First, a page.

Deciding whether to opt for a monolithic or microservice architecture depends on the specific needs of your project. Let’s break down when to choose each approach, using a simple example, and then create a checklist to guide developers in making well-informed decisions.

When to Choose Monolithic Architecture?

Imagine you’re building a small online store for selling handmade crafts. The store will have a homepage, product listings, a shopping cart, and a checkout system. In this case, a monolithic architecture might be a suitable choice. Here’s why:

  1. Simplicity: Since your store isn’t too complex, a single codebase for frontend, backend, and database simplifies development and deployment.
  2. Development Speed: With fewer moving parts, development can be faster, allowing you to launch the store quickly.
  3. Resource Efficiency: For smaller projects, it’s efficient to have all parts working together without the overhead of managing multiple services.

When to Choose Microservice Architecture?

Now, consider a different scenario: you’re building a large e-commerce platform like Amazon. Your platform needs to handle user registration, product search, recommendations, reviews, payments, and more. A microservice architecture would be more fitting here:

  1. Scalability: With various functionalities and potentially high traffic, microservices allow you to scale specific services that need more resources without affecting others.
  2. Complexity: Larger projects benefit from splitting into independent services. It’s like having different teams for different tasks, enabling focused development.
  3. Technology Diversity: Different services can use suitable technologies. For instance, you might use Python for recommendation algorithms and Java for payment processing.
  4. Frequent Updates: If one feature needs an update, you can change its microservice without impacting the entire application.

Here’s a simple list of questions you can ask, if you can answer them, you will know exactly which architecture fits best for your scenario:

  • Project Size: Is your project small or complex, involving numerous functionalities?
  • Team Size: Do you have a small team or multiple teams with specialized skills?
  • Scalability Needs: Will your application face varying levels of user demand?
  • Resource Management: How critical is efficient resource utilization?
  • Flexibility: Will you need to adapt to rapidly changing requirements?
  • Technology Stack: Do certain features benefit from specific technologies?
  • Deployment Complexity: How complex is the deployment and management of services?
  • Maintenance: How easy is it to maintain and troubleshoot different parts of the application?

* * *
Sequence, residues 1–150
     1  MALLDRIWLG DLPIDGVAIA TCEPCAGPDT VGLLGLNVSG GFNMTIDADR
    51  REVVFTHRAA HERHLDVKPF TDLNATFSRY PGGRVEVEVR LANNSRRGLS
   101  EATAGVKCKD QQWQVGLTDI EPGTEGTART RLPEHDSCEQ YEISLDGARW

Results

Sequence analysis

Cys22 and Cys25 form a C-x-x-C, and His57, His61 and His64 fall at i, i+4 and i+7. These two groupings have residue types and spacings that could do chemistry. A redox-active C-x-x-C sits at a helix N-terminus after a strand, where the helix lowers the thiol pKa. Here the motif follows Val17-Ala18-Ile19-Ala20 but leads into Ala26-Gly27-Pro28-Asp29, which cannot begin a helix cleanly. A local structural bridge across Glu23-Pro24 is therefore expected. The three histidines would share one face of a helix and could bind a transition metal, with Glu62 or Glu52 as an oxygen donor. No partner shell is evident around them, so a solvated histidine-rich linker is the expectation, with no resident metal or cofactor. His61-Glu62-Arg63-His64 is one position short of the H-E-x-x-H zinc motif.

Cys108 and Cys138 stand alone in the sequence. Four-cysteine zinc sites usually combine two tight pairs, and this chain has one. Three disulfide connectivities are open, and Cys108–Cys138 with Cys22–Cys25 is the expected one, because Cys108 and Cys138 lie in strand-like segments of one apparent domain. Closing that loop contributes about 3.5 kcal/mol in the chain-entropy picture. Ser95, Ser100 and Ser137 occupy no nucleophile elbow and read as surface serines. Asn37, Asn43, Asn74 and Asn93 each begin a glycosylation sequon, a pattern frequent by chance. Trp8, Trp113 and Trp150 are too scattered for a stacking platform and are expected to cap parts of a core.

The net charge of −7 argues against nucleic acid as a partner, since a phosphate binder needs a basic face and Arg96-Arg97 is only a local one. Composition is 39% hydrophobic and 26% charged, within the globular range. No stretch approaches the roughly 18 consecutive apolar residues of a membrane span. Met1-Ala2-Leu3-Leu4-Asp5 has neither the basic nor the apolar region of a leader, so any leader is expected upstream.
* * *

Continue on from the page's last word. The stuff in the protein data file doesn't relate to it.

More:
By considering the above factors, you can make an informed decision about which architecture aligns best with your project’s requirements. Remember, both monolithic and microservice architectures have their strengths and weaknesses, so the choice should be tailored to your specific goals and constraints.


In the dynamic world of software development, choosing between microservice architecture and monolithic architecture boils down to understanding the unique needs of your project as a software developer. Like picking the right tool for a job, your decision shapes the outcome of your application.

For simpler projects, such as a small online store, a monolithic architecture serves as a straightforward option. It brings the components together in a unified package, enabling swift development and efficient resource utilization.

On the other hand, when tackling substantial ventures like a comprehensive e-commerce platform, the microservice architecture emerges as a versatile solution. It empowers you to scale specific functions independently, accommodate technological diversity, and adapt to the ever-changing landscape of user demands.

The key lies in assessing factors like project size, team capacity, scalability needs, and technology stack. While monolithic architecture offers simplicity and cohesion, microservices provide modularity and adaptability. Your choice hinges on aligning architectural strategy with your project’s unique intricacies.

Syed Ali Rizvi

Syed Ali Rizvi

Senior Software Engineer at Akvateq

Ali has been crafting cutting-edge enterprise-grade web applications and holds an unwavering passion for implementing the finest software development practices. His relentless dedication to both professional growth and community empowerment distinguishes him as an extraordinary individual within the realm of software engineering.